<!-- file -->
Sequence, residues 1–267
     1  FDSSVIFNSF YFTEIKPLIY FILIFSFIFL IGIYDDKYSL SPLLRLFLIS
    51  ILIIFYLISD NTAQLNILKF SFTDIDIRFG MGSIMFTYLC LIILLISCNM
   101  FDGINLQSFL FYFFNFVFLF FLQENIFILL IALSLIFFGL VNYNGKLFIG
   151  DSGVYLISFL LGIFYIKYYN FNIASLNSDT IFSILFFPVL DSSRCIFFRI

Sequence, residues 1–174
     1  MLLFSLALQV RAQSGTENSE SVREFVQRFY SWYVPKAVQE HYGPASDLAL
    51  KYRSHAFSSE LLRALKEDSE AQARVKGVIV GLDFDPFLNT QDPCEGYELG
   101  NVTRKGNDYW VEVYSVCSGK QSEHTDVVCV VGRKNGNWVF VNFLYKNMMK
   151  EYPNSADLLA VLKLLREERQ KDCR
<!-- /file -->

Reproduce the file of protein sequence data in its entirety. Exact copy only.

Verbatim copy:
Sequence, residues 1–267
     1  FDSSVIFNSF YFTEIKPLIY FILIFSFIFL IGIYDDKYSL SPLLRLFLIS
    51  ILIIFYLISD NTAQLNILKF SFTDIDIRFG MGSIMFTYLC LIILLISCNM
   101  FDGINLQSFL FYFFNFVFLF FLQENIFILL IALSLIFFGL VNYNGKLFIG
   151  DSGVYLISFL LGIFYIKYYN FNIASLNSDT IFSILFFPVL DSSRCIFFRI

Sequence, residues 1–174
     1  MLLFSLALQV RAQSGTENSE SVREFVQRFY SWYVPKAVQE HYGPASDLAL
    51  KYRSHAFSSE LLRALKEDSE AQARVKGVIV GLDFDPFLNT QDPCEGYELG
   101  NVTRKGNDYW VEVYSVCSGK QSEHTDVVCV VGRKNGNWVF VNFLYKNMMK
   151  EYPNSADLLA VLKLLREERQ KDCR